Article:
“You can’t scout a stat line.”
If you follow minor leaguers at all, you’ve probably heard or read someone say this. It implies that you can’t just look at a player’s hitting or pitching line to determine if they are good or not. And while there are some grains of truth to that, for the most part it’s a bunch of malarkey.
It’s true that looking a stat line can’t tell you if a starting pitcher has three functional pitches to navigate his way through a major league lineup. You can’t see if a hitter has a gaping hole in his swing just waiting to be exploited. But there are plenty of indicators just waiting to be teased out of the data to determine if a player could be good one day.
The idea for creating an algorithm that would synthesize a host of inputs for minor leaguers to determine if they are good or not has been percolating in my head for quite a long time. Steve and I talked about the concept years ago, but it didn’t really crystallize until a discussion I had with Dave Cameron of Fangraphs. This spurred me on to creating a formula that would correlate inputs on to the 20-80 scouting scale.
Once I created the formula, I fine tuned it with historical prospects that were pretty awesome in the minors. Mike Trout practically broke the hitter formula — he came out to an 80, which is just about right when you realize he was a 20 year-old stud playing CF in AAA. I calibrated the pitchers with Felix Hernandez and Rick Ankiel, both of whom I considered to be at least 70-75 for much the same reasons. I was heartened by my success and decided to move forward with it last fall.
I thought about calling the stat ‘Ankiel’, like Marcel or Steamer, to be cool. Rick Ankiel will always be the Guns ‘N Roses ‘what if?’ of baseball for me. But since I’m a big jerk, I’m calling it the Stat Scout Line, or SSL for short.
Whether consciously or subconsciously, I’ve been doing a variation of this algorithm in my head for years. For me, a #3 pitcher (a 60 on the typical scouting scale) is someone that gives up 1 hit per inning pitched, strikes out 1 hitter per inning pitched, and walks 1 batter per 3 innings pitched. In the majors, a #3 pitcher should give you 180 innings and generate about 3 WAR. For hitters, I’ve long held to the 10/20 maxim — 10% of plate appearances should be walks, 20% of plate appearances strikeouts. I also like to look at a player’s isolated power to see if he’s a Punch and Judy hitter or not.
The big thing for me, though, has always been age. A ‘prospect’ in the truest sense of the word needs to be succeeding at an age-appropriate level. I like to equate this to when Kramer took karate lessons on Seinfeld, but all his classmates were kids. Naturally, he was dominating them. (Until they all ganged up on him at the end.) So when I see a 23 year-old with great stats in Low A, I heavily discount that performance. Also, it’s not the player’s age in relation to the average age of players in the league — there’s a lot of overage players that raise the average age — but rather what age the prospect is to a typical prospect’s age at that level. For instance, a prospect at the Low A level should be either 20 or 21 for me.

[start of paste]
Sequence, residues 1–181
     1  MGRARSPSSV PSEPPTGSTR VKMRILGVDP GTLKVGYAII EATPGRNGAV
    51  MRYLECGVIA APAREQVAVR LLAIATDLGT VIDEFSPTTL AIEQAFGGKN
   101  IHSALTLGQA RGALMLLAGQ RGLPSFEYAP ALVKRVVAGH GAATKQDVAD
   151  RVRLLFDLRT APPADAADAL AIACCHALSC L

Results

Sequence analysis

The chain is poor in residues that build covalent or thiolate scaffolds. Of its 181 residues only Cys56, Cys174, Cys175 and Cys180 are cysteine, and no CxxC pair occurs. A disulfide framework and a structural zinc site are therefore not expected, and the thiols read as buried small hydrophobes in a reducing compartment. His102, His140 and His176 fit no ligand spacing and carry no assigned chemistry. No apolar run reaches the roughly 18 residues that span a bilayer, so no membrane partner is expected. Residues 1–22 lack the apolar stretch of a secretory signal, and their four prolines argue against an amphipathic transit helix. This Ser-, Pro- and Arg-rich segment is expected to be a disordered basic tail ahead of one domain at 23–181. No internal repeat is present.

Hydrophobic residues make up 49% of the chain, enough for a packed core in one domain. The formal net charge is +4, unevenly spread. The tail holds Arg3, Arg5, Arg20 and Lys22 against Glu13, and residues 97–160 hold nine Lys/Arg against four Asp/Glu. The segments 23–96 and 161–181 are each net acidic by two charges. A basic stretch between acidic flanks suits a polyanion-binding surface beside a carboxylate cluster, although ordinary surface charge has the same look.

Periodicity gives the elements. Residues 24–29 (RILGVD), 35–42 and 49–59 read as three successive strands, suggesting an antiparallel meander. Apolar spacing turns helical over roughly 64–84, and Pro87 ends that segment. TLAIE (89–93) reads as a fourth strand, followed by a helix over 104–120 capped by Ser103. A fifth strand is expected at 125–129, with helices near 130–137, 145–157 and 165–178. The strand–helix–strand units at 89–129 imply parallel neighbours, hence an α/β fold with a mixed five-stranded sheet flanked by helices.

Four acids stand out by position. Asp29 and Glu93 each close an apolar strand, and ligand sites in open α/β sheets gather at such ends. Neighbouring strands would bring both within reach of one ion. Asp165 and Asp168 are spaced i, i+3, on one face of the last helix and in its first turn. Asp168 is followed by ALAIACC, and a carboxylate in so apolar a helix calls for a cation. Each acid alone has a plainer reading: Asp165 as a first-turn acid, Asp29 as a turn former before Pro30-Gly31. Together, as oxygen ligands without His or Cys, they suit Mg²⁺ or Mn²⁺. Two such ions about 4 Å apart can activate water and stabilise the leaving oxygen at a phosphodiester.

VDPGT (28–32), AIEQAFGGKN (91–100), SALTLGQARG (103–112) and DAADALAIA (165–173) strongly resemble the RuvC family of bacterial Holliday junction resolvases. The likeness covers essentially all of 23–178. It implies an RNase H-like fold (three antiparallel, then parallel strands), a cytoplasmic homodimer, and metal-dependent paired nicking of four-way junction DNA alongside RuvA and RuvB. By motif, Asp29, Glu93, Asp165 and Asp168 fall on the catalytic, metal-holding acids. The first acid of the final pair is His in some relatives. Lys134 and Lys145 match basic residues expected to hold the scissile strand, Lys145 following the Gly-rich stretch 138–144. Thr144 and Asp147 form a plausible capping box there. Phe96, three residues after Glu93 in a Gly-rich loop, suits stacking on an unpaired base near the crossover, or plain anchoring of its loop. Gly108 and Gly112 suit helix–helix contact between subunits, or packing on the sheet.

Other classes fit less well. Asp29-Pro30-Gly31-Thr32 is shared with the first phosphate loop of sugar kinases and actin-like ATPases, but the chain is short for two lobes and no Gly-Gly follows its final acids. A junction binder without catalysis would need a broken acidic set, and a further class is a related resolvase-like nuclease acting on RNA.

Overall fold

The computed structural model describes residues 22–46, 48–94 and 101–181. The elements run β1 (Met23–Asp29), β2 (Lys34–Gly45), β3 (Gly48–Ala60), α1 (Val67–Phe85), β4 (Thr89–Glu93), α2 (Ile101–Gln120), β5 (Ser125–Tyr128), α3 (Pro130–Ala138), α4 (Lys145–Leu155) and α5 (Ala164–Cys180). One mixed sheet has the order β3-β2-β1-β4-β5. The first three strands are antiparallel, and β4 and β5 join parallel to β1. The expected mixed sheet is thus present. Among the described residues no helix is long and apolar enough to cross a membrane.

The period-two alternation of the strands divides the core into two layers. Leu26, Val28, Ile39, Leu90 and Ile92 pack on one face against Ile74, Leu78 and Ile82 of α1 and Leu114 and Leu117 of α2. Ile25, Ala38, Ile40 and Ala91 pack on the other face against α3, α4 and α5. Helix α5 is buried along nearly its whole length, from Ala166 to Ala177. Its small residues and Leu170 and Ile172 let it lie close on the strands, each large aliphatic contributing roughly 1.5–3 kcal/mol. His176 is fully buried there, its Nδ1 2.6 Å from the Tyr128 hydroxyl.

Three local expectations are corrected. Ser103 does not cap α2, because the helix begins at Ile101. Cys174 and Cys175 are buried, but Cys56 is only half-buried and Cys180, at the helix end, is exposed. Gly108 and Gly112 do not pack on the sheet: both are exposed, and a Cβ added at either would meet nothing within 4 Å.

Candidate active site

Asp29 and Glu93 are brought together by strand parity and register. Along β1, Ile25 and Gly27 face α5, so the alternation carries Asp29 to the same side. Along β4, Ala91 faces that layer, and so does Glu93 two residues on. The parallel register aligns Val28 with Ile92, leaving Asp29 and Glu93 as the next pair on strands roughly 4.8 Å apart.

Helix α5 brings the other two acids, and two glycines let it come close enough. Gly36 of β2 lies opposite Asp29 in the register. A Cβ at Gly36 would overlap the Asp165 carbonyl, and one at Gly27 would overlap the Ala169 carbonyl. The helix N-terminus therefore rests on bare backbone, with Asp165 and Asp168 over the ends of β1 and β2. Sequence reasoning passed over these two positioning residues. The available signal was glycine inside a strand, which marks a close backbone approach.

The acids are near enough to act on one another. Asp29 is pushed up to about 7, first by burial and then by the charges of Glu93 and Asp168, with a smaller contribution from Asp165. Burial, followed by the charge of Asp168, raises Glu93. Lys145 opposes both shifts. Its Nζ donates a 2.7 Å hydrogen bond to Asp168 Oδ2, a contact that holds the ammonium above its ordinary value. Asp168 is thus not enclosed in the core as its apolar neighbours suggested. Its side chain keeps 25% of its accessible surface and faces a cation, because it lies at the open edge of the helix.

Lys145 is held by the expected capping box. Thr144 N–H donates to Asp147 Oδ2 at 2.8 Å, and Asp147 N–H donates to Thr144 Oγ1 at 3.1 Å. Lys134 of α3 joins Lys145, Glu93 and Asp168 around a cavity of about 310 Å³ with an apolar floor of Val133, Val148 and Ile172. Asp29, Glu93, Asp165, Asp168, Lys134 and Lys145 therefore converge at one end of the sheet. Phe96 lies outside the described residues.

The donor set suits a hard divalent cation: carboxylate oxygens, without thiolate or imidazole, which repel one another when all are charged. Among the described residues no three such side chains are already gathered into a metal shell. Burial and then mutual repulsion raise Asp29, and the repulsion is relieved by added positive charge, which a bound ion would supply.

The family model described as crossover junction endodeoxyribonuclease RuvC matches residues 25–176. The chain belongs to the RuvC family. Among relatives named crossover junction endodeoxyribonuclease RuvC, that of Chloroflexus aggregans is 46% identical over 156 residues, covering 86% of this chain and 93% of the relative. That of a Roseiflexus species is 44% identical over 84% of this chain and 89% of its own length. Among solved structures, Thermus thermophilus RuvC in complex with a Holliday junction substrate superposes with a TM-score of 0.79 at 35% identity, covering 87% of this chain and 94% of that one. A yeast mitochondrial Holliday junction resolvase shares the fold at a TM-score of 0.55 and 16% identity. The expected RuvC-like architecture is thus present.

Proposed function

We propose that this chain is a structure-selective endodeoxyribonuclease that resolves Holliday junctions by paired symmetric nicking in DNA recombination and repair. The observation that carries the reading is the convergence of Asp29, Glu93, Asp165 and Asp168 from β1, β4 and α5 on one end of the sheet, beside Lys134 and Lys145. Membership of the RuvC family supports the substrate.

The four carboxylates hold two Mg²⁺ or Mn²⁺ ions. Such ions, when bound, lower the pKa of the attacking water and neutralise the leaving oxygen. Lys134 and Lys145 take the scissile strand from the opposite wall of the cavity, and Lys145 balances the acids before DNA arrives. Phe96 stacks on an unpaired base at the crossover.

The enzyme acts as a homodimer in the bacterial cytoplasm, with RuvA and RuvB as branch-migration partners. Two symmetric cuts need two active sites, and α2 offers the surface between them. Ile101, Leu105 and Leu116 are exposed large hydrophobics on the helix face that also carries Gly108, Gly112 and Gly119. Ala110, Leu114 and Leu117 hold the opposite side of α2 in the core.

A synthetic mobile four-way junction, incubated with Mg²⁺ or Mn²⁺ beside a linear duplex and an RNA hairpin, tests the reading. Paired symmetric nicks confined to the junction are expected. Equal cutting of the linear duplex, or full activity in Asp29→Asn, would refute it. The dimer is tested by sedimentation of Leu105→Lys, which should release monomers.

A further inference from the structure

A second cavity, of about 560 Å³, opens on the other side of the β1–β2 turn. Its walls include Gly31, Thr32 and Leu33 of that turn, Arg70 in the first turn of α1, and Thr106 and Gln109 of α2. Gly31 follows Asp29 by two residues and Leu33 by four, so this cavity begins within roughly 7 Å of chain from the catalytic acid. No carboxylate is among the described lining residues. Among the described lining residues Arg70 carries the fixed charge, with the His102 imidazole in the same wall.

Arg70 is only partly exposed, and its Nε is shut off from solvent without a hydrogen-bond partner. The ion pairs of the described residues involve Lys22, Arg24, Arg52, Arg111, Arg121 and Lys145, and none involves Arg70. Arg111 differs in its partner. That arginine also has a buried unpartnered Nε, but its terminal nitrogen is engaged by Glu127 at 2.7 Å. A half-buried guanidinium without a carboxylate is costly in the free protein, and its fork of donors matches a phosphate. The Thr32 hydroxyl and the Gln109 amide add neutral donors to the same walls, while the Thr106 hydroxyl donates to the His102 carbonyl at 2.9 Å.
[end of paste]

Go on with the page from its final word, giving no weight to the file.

I also included league factors in to the algorithm. Plenty of prospects over the years have dominated in the thin air and jetstreams of the California League, but failed to materialize in the majors. The Florida State League is a pitcher’s haven, due to the humid summer air that suppresses carry on balls. So these types of things were all factored in, as well, for each domestic league.
Uncovering Hidden Prospect Gems
I used to obsessively track prospects at all levels of the Pirates’ system. But I’ve found over the years that I’ve been calcifying my views of prospects until they hit at least High A, if not Double A. Let’s call this The Jarek Cunningham Effect. In the year 2008, hope was springing eternal all over the place for the Pirates in the minor leagues. The new, young, progressive GM named Neal Huntington just drafted the Pirates’ 3B for the next 12 years in Pedro Alvarez and drafted a whole host of young high school soon-to-be impact talents, like Robbie Grossman and Quinton Miller.
There was also a young shortstop named Jarek Cunningham that debuted in 2008 in the Gulf Coast League and proceeded to blow the doors off of expectations. That’s what a .318/.385/.507 triple slash line (149 wRC+) will do for a system that was devoid of young talent. With all these draft picks, we’ll all going to live forever!